Let us observe this image.

What do you see?

I can tell you what I see.

I see a window. I see a chair.

I see white curtains and sunlight.

I see paintings on walls.

A carpet, a lamp.

Plants.

I see a room, with an open door.

I do not see an art movement, and it is alright.

I do not understand the intricacies of the strokes, and that is absolutely fine!

But I know, that I can stay with this painting longer, I shall engage with this painting further, until I see poetry.

I see an empty chair…


A Visit to theMuseum by Edgar Degas (Public Domain)

I don’t know about you, but I am so tired of these Dating Apps!

It is an endless visit, it causes fatigue.

It reminds me of what many visitors experience in a museum. For those who are new to these concepts, here is what Wikipedia informs about Museum Fatigue: “Museum fatigue is a state of physical or mental fatigue caused by the experience of exhibits in museums and similar cultural institutions. The collection of phenomena that characterize museum fatigue was first described in 1916,[1] and has since received widespread attention in popular and scientific contexts”

I learnt yesterday that there…


Losing a Home: National Museum in Delhi

Image: https://scroll.in/article/995140/moving-the-national-museum-why-the-opacity-about-the-relocation-plans-should-worry-us-all

Ever since the news of National Museum’s relocation, I have been asked by friends and acquaintances about my opinion on this move. Not that I am an authority on the same, perhaps my profession creates the impression that my opinion must be heard. While opinions of cultural professionals definitely matter, particularly the stalwarts who have been voicing their concerns, I wish to share today about how I feel, not necessarily a critical reflection on the move.

What do I feel at the thought of losing the National Museum?

I’ll have to…


The world is witnessing the devastating catastrophic second wave of Coronavirus in India. Almost every family has been impacted, people are suffering, losing their lives or those of loved ones. Healthcare infrastructure is crumbling and there is an atmosphere of absolute despair.

As my own father and brother face this dreaded illness, I feel inadequate. I wonder what use is my work in museums in this moment. I wonder if the persistent faith with which I have been zealously advocating for museums and well-being, museums and communities, museums and hope, is it redundant in this moment? Perhaps not, I do…


A visit to the hospital always makes place for some learning and reflection.

Today I went for my follow-up scan with my dearest friend. We coordinated and reached from different parts of the city. To ensure that I wasn’t alone. Despite her multiple commitments, she came. Not everyone has the good fortune of such company and care, I do, and I am hence utilizing this privilege to reflect on caregiving and care-receiving at large, because I feel it is deeply associated with the intent behind Museums Of Hope.

Nowhere else have I ever felt such strong resentment and questioning of…


This one is an ode to the memory keepers. The wandering bards, the many painters. The singers, the writers, the sculptors, the builders. It is an ode to the heirloom keepers, the photographers, the album makers. The historians, the archivists, the librarians. The weavers, the puppeteers, the dancers, performers performing memories. Memories of a mind, memories of a culture, memories of a species. This is thus an ode also to the scientists, the journalists, the filmmakers. Most of all, this is an ode to the body, the transient and powerful memory keeper. Bodies of all species. Memories of a lifetime…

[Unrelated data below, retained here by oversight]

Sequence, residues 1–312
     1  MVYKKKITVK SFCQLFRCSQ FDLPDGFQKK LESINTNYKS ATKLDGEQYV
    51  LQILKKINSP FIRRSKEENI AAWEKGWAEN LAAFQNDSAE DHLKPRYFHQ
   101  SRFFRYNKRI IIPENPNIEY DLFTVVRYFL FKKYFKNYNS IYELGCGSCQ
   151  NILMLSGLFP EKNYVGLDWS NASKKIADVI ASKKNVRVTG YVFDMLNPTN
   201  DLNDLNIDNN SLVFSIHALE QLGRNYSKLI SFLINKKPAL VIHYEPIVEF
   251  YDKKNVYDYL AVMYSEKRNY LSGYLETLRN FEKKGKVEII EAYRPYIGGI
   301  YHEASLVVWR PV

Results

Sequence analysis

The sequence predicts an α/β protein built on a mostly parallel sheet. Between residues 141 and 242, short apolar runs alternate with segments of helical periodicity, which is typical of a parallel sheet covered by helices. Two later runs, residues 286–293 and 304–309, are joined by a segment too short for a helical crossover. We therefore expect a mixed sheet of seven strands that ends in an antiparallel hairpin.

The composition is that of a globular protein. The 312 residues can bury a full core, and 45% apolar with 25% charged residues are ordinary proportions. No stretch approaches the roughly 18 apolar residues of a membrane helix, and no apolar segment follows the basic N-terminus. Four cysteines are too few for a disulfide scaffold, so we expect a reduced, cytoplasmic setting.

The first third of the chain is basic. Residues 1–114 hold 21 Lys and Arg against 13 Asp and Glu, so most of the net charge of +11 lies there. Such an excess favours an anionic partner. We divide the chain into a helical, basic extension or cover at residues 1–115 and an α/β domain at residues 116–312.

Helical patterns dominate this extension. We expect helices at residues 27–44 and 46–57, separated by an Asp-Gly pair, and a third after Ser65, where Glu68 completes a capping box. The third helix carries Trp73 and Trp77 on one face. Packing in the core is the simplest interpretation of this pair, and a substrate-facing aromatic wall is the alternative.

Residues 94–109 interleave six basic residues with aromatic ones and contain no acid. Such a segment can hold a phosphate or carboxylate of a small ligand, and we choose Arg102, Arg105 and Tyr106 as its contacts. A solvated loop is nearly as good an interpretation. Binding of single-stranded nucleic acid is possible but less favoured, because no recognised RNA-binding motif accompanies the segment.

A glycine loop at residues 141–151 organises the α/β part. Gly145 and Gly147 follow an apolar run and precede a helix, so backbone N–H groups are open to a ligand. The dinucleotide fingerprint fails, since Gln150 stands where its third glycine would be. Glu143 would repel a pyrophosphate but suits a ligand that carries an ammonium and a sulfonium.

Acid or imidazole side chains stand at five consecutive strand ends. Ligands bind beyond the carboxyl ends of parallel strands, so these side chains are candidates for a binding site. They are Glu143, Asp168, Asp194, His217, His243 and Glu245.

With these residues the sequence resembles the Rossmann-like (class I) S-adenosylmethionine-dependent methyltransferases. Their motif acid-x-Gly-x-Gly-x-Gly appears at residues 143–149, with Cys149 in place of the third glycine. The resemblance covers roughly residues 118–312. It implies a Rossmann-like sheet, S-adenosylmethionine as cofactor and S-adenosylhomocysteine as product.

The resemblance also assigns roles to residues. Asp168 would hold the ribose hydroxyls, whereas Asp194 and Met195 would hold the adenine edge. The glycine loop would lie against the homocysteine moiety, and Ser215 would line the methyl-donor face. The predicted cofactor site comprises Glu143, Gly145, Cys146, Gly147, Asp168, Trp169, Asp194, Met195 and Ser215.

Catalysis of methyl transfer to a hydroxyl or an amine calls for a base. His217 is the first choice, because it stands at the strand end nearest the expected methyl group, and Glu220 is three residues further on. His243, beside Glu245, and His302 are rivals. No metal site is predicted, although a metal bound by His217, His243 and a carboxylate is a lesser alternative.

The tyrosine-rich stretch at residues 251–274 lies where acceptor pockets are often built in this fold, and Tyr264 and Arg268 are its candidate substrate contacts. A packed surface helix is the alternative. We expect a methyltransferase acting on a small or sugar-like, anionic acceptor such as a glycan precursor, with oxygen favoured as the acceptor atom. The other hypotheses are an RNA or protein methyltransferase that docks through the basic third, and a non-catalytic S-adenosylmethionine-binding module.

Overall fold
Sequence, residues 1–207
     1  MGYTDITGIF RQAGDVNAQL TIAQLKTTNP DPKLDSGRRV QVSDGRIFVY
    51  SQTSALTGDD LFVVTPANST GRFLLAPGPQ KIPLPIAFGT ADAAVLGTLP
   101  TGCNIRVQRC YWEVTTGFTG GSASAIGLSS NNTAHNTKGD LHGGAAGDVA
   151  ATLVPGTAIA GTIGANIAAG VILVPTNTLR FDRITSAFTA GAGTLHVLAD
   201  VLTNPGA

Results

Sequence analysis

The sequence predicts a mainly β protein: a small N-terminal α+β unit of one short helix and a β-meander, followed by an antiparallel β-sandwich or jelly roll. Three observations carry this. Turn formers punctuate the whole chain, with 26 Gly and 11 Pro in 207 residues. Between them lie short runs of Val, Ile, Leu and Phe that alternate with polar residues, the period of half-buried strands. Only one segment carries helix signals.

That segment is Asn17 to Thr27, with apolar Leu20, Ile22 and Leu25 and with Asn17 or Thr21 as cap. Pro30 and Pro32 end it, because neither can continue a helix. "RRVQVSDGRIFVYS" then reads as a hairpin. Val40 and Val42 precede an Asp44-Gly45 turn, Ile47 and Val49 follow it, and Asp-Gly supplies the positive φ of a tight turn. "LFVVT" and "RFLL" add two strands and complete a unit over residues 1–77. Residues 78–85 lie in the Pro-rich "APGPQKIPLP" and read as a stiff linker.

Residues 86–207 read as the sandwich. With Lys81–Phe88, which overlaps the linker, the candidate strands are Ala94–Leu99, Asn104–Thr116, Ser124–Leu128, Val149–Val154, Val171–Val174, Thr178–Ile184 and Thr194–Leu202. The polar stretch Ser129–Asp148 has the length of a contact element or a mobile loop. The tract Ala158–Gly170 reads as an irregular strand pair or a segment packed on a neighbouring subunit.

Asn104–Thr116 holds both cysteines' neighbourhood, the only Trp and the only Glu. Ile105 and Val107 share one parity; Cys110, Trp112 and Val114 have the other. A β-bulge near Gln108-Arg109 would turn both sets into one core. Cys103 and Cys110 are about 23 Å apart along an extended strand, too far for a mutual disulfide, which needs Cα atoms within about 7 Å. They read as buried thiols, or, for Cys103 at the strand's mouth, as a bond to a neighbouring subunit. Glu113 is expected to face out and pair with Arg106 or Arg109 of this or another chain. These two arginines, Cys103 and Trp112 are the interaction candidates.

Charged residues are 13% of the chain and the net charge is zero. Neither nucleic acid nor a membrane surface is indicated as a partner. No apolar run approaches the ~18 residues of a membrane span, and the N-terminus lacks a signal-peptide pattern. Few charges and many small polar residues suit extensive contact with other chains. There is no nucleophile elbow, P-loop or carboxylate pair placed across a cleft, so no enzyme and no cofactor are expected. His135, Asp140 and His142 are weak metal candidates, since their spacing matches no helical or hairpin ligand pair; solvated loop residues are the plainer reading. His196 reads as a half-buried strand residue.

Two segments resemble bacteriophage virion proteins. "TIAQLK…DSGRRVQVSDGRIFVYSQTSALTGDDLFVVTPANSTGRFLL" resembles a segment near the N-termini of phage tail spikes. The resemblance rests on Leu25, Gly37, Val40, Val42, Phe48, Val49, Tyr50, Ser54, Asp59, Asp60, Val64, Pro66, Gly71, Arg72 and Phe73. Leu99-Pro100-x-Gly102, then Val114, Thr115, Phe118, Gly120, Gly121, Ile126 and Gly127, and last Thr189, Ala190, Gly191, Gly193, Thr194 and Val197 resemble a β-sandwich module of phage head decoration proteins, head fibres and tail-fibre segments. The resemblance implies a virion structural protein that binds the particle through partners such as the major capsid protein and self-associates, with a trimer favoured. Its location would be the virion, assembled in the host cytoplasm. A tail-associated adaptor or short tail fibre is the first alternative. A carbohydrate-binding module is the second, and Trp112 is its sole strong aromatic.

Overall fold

Art: Untitled by B. Prabha

As part of the Museum Dialogues series I invited Ms. Isha Yadav, founder & curator Museum of Rape Threats and Sexism for a session last Saturday.

Isha, who identifies herself as foremost a feminist, scholar, educator and visual artist, has been working on this project as part of her PhD thesis and her politics. The project which started with collecting snapshots of digital abuse in the form of threats and sexism, she soon realized that it was so rampant and widespread that it should be highlighted and made visible through a space as a museum…


In the landscape of memories

In my landscape of memories there is a blurring of boundaries. It is a topography as no other, for it is hard to tell where the river ends and grows into a mountain, or when the soil changes into a galaxy of stars. It is endless, it is continuous, it is an ocean, it is a forest.

In this space, are people, some real, some real-like. Very often you would meet a person as they were and also the same person, but as I had imagined them to be, or what I had wished for…


My Museum Of Memories

Written by Poornima Sardana for Memory Museum 2020 (Ongoing and Organized by the Synonyms in Seoul) And for her dearest father.

In my museum of memories is a sketch of a tree, being drawn by my father, sitting by the window, soaking in the winter sun. We call this pleasant sunshine Dhoop. And Dhoop is what we also call the first gallery of my museum, I hope its warmth embraces you. To be held by the winter sun, is to be held by the loving gaze of a caring elderly being. …


In the chaos of the pandemic, as we try to define our institutions and what they stand for, I also hope, and wish, that we are as much observers as we attempt at facilitating change.

While we are concerned about not having a universal definition of a museum, we might also want to think as to why it troubles us so much.

Can there even be a single definition for institutions and spaces across the diversity of this world?

And is there a need to escalate the process?

Could it not happen in its own time?

Maybe we need to…

Poornima Sardana

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